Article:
Universidad de Sevilla

Vicerrectorado de Investigación

Proyecto de investigación

From molecules to networks: understanding synaptic physiology and pathology of the brain through mouse models (EUSynapse)

Responsable: Guillermo Álvarez de Toledo Naranjo
Tipo de Proyecto/Ayuda: 6º Programa Marco de la U.E.
Referencia: LSHM-CT-2005-019055
Web: http://cordis.europa.eu/projects/rcn/84613_en.html
Fecha de Inicio: 01-12-2005
Fecha de Finalización: 30-11-2009

Empresa/Organismo financiador/es:

  • Commission of the European Communities (Research Directorate-General)


  • The Max Planck Society for the Advancement of Science (Reinhard Jahn)
  • Center for Neurogenomics and Cognitive Research (Matthijs Verhage)
  • University of Heidelberg (Hannah Monyer)
  • Centre National de la Recherche Scientifique (Christophe Mulle)
  • Erasmus University Rotterdam (Gerard J.G.G. Borst)
  • University College London (Robin R. Angus Silver)
  • Ecole Polytechnique Federale de Lausanne (Henry Markram)
  • Hungarian Academy of Sciences (Zoltan Nusser)
  • Università degli Studi di Milano (Michela Matteoli)
  • The Hebrew University of Jerusalem (Yael Stern-Back)
  • Academy of Sciences of the Czech Republic (Rostilav Turecek)
  • Medical Research Council (Yukiko Goda)
  • Institut Pasteur (Thomas Bourgeron)
  • Axaron Bioscience AG (Oliver Sorgenfrei)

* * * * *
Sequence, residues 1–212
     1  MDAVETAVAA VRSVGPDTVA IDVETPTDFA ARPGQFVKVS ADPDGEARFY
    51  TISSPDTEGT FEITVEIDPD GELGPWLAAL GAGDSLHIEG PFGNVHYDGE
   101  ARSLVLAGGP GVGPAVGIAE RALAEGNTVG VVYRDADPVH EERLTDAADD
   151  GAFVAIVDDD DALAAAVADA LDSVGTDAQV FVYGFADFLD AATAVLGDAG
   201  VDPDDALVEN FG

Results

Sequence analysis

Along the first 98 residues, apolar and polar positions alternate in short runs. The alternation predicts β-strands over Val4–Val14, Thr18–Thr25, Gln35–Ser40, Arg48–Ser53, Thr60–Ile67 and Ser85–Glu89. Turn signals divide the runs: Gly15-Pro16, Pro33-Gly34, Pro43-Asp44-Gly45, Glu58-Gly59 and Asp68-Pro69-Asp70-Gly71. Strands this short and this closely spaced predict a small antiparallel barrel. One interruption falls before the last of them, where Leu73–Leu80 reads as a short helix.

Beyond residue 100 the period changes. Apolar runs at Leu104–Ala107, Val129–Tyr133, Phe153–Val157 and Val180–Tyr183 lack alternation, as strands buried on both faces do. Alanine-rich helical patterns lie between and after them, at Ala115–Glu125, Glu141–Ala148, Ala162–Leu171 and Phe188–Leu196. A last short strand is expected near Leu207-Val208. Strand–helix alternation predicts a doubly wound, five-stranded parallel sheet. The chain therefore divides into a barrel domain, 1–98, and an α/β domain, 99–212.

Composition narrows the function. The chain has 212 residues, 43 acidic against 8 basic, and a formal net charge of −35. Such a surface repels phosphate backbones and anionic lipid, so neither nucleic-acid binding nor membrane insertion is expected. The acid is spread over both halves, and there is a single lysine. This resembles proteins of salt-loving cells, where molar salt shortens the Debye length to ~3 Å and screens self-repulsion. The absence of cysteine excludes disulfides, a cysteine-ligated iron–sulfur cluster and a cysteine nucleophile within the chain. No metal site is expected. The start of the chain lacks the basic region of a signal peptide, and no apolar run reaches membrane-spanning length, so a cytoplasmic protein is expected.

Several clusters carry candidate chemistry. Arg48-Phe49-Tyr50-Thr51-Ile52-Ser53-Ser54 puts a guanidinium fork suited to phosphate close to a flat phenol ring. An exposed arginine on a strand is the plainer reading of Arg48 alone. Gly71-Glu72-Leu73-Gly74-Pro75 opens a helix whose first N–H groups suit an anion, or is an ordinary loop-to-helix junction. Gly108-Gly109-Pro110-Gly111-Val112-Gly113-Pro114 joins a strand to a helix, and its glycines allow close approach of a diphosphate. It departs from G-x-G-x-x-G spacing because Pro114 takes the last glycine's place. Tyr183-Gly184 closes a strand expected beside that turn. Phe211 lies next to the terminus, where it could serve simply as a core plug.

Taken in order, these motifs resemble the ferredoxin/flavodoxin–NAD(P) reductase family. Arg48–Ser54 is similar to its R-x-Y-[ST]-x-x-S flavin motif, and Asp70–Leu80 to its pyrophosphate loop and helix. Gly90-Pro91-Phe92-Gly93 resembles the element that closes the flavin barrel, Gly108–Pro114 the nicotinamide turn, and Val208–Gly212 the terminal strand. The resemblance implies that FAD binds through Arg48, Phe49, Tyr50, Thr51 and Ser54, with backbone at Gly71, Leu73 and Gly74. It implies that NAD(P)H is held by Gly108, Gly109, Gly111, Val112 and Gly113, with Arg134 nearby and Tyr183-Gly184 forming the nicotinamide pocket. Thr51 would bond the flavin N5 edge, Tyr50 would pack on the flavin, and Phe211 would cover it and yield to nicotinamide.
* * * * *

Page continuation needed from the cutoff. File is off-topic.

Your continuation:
• Axiope Limited (Nigel Goddard)
  • Synaptic Systems GmbH (Henrik Martens)
  • Faust Pharmaceuticals (Pascal Neuville)


  • Investigadores:
    • Sergio Navas Inocencio


Resumen del proyecto:

The involvement of synapses in many neurological diseases - "synaptopathies" - is becoming increasingly apparent in recent years. Yet, despite considerable advances in our understanding of the processes of synaptic transmission and plasticity, much remains to be delineated with respect to the molecular details of the individual steps in these processes. Our aim is to further our understanding of synaptic function using a multi-systems approach, from in vitro cell free systems to in vivo models, taking full advantage of genetic mouse models, particularly those serving as models for synaptic dysfunction in neurological disease. Innovative and state of the art technologies will be applied and further developed, including biochemical, molecular, electrophysiological, and optical tools. We will derive detailed knowledge of molecular machineries that drive synaptic transmission and of mechanisms responsible for various forms of synaptic plasticity. We expect that these studies will provide invaluable insights into synaptic function and dysfunction and their contribution to complex brain functions in health and disease.

FEDER - Union Europea

Vicerrectorado de Investigación. Universidad de Sevilla. Pabellón de Brasil. Paseo de las Delicias s/n. Sevilla